My argument defeats the Browning and LeCun position that DL and gradient descent learning supply an alternative that can dispense with the Physical Symbol System Hypothesis. This undermines the main reason to believe that DL approaches will deliver on their promises any more than the systems of the 50s did. Many people misunderstood the argument and thought I was proving that AGI was impossible. But this is not true. The argument undermines the claim that DL systems that are currently the object of research are sufficient to achieve AGI. It leaves open the possibility that in 500 years we might finally get there using some new advances that we cannot yet imagine.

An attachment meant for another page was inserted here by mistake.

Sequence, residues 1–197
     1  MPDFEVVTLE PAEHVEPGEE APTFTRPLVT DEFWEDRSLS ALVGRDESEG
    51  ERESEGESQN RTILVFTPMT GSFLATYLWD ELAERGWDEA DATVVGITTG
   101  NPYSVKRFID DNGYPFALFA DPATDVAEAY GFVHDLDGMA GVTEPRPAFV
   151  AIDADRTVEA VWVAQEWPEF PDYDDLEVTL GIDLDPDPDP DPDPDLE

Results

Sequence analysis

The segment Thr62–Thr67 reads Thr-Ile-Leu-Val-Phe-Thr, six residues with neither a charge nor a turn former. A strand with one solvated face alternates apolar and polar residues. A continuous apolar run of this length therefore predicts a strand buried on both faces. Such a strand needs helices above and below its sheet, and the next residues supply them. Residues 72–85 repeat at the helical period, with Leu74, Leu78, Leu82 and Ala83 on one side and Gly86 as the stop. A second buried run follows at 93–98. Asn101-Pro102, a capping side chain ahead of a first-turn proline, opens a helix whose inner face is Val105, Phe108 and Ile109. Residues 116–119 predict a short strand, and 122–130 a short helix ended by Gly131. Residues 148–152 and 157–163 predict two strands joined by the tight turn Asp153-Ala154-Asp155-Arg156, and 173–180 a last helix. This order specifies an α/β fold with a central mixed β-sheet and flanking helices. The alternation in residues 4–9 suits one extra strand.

Some people thought my argument was that AI had to discover exactly the same algorithms that the human mind uses, but this is not the case. We know even from computer programming that similar functions can be implemented in many different ways, and even using different programming languages. The point is that there must be some fundamental properties of the implementation, such as the use of variables and control structures, a syntax of expressions that can be used by a compiler/interpreter, and so on. This is an analogy of course, but my claim is that some cognitive processes seem to involve symbol systems and there is no reason to believe that DL has shown this to be false, and therefore cannot eliminate the need for these systems. Another misunderstanding is that neural networks can’t implement symbol systems. The fact is that they can, as the classic paper “A LOGICAL CALCULUS OF THE IDEAS IMMANENT IN NERVOUS ACTIVITY*” by McCulloch and Pitts shows. The point is that such neural networks are severely limited, and there is at the moment no serious effort to implement systems with complex symbol manipulating abilities. In fact this is precisely the kind of effort that Browning and LeCun discourage.